State of the industry, continued

Lots of stuff out there lately, I’m just catching up now after doing some travelling. and won’t be blogging much for the next couple of weeks I’m on vacation at Prince Edward Island this week and next, but still I’m able to blog! I’m actually in a campground that is a stone’s throw from the ocean. Right next to the “general store” is a coffee shop that has wireless access. So, I sit here and blog and do my part-time editing gig for — all from a fairly remote location.

How cool is that?

So, I kind of chuckled when I saw Amy Gahran’s post on Poynter’s E-Media Tidbits blog Romenesko about the memo from Philadelphia Inquirer managing editor Mike Leary to the paper’s staff. It leads with: “…We are adopting an Inquirer first policy for our signature investigative reporting, enterprise, trend stories, news features, and reviews of all sorts. What that means is that we won’t post those stories online until they’re in print.”

Really, Mike? So, your print audience is growing?

Gahran also has an interview with Chris Krewson, the Inquirer’s executive editor for online/news where she writes, in part: “Krewson contends that this policy shift is part of a strategy to create complementary differentiation between the roles of the print and online operations.”

“Complementary differentiation?”

Yeah, ok. Ah, it’s deja vu all over again. This conversation has been going on for so long it hurts my head. At The Post, one editor once asked me how the Web could be used to promote the newspaper. And that was probably about five years ago. So far this summer, I’ve had several meetings with newspaper editors at various organizations — trying to talk them all out of the mindset of putting out the newspaper first, with the Web as an afterthought. Sorry, folks, but you’re not going to save the business thinking like that. The audience is growing on the Web. And, well, it isn’t in print. It’s the journalism and the brand that matters, not how it’s delivered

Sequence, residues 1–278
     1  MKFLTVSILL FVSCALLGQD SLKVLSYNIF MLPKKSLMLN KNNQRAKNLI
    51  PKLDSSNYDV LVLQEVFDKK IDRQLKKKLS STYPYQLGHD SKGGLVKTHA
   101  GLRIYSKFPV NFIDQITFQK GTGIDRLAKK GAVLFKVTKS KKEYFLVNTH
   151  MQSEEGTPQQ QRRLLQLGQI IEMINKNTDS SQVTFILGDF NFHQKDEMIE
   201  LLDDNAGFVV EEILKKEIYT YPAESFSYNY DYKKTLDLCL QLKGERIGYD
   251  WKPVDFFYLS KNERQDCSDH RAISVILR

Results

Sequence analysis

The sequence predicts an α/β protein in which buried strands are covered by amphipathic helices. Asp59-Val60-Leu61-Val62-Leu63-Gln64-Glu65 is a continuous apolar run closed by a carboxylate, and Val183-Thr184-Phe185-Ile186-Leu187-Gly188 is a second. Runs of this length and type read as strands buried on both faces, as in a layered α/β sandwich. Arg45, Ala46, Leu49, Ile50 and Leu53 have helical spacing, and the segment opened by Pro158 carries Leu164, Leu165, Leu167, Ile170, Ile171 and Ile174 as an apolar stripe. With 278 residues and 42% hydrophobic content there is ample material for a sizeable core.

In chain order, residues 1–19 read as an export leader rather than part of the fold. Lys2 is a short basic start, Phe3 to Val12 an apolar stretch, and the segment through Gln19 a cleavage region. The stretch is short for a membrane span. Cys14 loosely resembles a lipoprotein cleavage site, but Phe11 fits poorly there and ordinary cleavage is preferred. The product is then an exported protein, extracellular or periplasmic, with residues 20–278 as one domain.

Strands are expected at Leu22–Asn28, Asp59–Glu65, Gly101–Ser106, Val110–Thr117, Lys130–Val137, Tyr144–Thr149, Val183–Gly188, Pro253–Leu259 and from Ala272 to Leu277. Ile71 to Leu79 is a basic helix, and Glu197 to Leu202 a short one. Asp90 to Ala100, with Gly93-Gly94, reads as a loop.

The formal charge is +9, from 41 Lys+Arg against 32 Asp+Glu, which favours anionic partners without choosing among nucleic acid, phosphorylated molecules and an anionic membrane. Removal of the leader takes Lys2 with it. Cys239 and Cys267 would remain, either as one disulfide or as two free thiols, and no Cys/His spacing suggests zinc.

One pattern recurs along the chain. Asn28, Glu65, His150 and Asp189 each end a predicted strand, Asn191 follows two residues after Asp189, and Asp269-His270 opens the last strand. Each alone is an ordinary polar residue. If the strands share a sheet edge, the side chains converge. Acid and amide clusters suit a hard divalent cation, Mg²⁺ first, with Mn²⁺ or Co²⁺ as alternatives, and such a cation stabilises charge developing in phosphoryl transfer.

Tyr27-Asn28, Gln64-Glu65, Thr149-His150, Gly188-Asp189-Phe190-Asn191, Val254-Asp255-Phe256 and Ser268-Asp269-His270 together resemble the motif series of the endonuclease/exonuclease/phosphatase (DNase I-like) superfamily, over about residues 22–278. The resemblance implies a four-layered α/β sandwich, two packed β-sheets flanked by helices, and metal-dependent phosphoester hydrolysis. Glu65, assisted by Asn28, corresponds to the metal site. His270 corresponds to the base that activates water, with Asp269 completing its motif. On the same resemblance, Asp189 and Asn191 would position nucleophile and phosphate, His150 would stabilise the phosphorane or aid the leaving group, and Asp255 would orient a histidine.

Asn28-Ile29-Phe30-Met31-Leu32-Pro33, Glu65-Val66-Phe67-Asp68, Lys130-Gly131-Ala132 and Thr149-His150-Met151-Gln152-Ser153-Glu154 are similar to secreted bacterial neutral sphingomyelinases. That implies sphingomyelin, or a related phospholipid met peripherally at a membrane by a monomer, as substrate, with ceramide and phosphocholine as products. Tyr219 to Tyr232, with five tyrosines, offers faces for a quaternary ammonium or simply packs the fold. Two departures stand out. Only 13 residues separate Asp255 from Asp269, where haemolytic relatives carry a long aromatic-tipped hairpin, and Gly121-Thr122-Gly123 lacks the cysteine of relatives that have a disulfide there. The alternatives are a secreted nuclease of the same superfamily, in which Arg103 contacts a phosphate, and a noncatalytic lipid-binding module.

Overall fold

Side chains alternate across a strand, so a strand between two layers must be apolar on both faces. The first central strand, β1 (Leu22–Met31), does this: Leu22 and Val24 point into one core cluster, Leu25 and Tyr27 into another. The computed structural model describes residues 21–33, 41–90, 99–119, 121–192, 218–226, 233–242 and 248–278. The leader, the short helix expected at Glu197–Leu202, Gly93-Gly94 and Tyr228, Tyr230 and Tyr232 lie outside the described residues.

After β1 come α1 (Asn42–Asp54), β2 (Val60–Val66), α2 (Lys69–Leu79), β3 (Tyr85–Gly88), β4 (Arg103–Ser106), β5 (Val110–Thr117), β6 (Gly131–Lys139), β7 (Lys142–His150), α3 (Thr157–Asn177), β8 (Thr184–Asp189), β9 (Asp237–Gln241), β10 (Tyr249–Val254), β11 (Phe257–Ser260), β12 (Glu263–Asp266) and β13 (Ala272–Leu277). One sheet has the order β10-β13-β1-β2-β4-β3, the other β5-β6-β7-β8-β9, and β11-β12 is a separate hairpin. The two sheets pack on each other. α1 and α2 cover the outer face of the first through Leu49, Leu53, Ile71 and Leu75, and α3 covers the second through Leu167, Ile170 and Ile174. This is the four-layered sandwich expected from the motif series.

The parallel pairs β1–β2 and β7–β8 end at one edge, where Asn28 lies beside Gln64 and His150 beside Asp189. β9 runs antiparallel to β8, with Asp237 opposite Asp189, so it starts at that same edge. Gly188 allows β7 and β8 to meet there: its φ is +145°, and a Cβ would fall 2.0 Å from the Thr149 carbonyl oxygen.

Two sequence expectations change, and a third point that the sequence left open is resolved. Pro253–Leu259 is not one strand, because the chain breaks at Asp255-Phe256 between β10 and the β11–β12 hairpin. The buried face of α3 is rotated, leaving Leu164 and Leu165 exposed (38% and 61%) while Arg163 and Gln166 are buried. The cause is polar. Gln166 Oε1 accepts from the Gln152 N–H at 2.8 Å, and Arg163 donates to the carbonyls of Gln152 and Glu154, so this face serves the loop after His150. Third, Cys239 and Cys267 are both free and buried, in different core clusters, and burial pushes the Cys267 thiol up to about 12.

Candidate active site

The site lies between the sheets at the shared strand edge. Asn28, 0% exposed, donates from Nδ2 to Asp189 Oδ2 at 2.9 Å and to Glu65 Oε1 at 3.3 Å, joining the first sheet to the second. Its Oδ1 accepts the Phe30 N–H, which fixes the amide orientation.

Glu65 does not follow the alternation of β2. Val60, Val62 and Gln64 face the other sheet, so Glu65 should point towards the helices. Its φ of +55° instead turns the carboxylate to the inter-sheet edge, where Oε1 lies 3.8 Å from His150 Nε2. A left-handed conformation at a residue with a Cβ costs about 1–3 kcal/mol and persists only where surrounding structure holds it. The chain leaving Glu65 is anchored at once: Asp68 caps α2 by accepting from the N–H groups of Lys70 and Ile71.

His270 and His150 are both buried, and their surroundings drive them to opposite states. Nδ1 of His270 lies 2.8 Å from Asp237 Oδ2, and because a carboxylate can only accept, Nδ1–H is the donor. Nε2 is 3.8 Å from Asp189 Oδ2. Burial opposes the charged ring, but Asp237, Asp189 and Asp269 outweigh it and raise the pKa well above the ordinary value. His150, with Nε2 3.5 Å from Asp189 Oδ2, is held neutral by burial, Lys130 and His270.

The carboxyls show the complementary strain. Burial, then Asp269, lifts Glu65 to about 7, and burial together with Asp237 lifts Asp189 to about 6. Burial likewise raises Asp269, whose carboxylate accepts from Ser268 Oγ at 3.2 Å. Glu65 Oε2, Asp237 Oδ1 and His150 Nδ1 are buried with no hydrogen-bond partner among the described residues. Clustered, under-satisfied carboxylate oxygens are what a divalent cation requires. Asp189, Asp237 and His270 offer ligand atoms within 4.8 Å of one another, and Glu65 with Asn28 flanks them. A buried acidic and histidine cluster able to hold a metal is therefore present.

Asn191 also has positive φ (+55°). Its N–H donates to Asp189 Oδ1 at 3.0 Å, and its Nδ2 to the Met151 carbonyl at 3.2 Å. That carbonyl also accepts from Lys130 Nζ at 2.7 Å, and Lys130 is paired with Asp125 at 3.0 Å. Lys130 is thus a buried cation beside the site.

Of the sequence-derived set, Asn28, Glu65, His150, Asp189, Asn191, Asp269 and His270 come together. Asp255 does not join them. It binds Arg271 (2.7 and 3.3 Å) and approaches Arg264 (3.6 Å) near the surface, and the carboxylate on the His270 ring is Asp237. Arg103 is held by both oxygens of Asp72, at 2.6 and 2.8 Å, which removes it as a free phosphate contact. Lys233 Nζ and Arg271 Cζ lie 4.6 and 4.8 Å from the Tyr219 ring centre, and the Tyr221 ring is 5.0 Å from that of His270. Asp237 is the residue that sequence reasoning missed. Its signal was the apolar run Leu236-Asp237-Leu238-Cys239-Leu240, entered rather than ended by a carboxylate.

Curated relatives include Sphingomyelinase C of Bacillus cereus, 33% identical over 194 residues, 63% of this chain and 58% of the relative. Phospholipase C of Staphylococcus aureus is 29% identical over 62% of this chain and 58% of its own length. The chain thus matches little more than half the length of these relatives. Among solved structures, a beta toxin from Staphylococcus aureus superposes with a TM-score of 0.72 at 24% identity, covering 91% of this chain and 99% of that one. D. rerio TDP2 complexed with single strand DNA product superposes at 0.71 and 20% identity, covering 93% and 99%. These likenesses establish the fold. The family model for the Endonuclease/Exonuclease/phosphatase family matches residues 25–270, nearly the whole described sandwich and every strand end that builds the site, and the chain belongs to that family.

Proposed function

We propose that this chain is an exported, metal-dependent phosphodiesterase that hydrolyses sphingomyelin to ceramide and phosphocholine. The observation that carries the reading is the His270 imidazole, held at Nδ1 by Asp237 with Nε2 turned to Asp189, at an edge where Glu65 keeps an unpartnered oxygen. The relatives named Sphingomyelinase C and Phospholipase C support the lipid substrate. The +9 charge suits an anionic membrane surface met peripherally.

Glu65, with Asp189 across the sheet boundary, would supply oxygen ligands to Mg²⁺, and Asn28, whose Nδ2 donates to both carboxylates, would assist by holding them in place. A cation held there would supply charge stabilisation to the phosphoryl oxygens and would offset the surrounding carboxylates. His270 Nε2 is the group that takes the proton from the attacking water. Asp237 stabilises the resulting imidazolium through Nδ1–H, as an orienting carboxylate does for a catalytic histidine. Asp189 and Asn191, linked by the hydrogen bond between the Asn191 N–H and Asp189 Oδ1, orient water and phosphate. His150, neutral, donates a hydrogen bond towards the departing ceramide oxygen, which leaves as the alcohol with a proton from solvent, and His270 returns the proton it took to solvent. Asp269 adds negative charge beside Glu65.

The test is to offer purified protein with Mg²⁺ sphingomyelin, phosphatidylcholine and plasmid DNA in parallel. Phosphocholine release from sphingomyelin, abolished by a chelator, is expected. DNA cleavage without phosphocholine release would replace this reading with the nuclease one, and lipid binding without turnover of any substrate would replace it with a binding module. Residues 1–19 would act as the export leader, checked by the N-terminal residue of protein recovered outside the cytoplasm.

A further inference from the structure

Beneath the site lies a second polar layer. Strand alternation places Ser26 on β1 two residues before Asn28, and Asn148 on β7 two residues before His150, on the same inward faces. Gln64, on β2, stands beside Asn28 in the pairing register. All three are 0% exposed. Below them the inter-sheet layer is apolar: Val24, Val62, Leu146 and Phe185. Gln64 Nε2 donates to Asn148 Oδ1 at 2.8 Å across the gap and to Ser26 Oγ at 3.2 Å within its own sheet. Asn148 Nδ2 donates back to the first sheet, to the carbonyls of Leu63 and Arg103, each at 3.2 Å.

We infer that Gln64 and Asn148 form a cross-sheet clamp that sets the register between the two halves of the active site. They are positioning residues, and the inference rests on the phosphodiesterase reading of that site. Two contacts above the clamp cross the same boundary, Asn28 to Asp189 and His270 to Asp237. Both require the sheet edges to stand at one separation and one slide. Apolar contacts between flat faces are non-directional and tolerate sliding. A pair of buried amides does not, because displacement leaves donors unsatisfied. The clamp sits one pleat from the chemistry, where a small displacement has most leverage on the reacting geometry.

It’s like my good friend Matt says: “We all need to stop killing trees.”

Media companies will survive by working in conjunction with the people working on the electronic delivery part of the operation. Maintaining a mindset that the newspaper comes first and that the Web site is the ugly step cousin will only put off the inevitable. It’s short-sighted and not good business.

And, as we as a journalism department continue to find ways to converge and use technology in our classrooms, we will continue to be ahead of the curve of many in the industry.


About journalismprof

Steve joined the journalism faculty at the University of Massachusetts at Amherst in August 2007 and has been working to incorporate multimedia across the curriculum. Since arriving at UMass, Steve has developed three courses modeled after his multimedia journalism course. The courses allow students to work in teams in a newsroom-like environment where they work on packages -- using video, audio and photos to tell stories. He is also working with students on developing, a news Web site staffed completely by students. Steve has more than 25 years of experience as an editor and reporter for print and online publications, including 10 as an editor at He also edits part-time for with the NFL and college football network.
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2 Responses to State of the industry, continued

  1. agahran says:

    Hi, Steve

    Minor correction — my post was on Poynter’s E-Media Tidbits blog. Jim Romenesko is the only one who posts on his blog.

    – Amy Gahran

  2. David says:

    While you’re out there, Steve, please thank the trees for their service. For generations, they have laid down their lives for quality journalism. Someday perhaps we will no longer need to call on them, but not yet.


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